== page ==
This historic social setting brings a general overturn of values, invested art with a higher mission than ever. In the late eighteenth century, Schiller says it's for aesthetic and practical education of the arts that humanity can move towards freedom, to reason and to the Well. And for the German Romantics, the beautiful, the access road to the Absolute, is set, with art, at the summit of the hierarchy of values. The modern age is the framework in which it has made an exceptional sacralization of poetry and art, only known to be able to express the most fundamental truths of life and the world. While following the Kantian criticism, philosophy should renounce the absolute revelation and science should concentrate on enunciating the laws of the phenomenal appearance of things, you assign to art the power to know and contemplate the very essence of the world. Now, art is placed above society, tracing a new secular spiritual power. Not an area designed to give consent, but it reveals the ultimate truths that elude science and philosophy: an access to the Absolute, while a new instrument of salvation. The poet enters into competition with the priest and takes its place with regard to the ultimate revelation being: the secularization of the world was the springboard of modern religious art.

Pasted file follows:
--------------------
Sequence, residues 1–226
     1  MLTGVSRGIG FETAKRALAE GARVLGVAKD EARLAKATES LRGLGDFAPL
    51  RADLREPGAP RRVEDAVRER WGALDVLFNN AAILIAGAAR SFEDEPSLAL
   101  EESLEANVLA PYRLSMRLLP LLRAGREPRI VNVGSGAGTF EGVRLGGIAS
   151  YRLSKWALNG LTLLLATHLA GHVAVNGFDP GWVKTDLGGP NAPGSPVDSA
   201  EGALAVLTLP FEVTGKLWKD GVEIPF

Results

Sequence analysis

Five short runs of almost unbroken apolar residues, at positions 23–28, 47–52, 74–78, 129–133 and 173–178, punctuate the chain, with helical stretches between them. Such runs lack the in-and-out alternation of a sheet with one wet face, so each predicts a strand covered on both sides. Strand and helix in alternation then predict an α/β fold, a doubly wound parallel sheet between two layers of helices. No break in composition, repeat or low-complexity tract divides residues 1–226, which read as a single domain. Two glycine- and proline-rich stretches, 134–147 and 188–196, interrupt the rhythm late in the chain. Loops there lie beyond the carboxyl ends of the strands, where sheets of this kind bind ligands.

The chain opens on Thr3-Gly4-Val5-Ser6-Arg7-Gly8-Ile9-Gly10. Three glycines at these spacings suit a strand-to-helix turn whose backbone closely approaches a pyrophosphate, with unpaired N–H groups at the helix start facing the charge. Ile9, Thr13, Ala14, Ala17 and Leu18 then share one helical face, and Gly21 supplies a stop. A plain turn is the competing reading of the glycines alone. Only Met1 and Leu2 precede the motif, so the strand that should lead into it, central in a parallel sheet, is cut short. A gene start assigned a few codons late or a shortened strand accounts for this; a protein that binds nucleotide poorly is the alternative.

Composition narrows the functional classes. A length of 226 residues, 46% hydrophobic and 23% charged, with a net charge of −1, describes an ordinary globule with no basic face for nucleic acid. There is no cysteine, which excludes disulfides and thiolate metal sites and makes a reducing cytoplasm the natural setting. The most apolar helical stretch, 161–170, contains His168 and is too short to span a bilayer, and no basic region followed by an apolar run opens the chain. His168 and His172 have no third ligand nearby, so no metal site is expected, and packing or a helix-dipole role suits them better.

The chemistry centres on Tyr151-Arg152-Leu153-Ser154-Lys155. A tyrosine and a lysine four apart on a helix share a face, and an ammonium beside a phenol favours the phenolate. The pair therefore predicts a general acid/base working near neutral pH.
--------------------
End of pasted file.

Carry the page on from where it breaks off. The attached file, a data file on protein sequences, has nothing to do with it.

It must be added, however, that the sacralization of art held by the romanticism and symbolism was then fought fiercely for several avant-garde movements such as Constructivism, Dadaism and Surrealism.

Sacralization of art that illustrates so well in the invention and development of the institution of the museums. By extracting the works of their original cultural context, while cutting its traditional and religious use by not limiting them to private use and personal collection, but offering them to the gaze of all, the museum stages its specifically aesthetic value universal and timeless; becomes practical or cultural objects to be admired aesthetic objects, contemplated by themselves, by their beauty that defies time. Place of aesthetic revelation destined to make known unique, irreplaceable, inalienable works, the museum has a responsibility to make them immortal.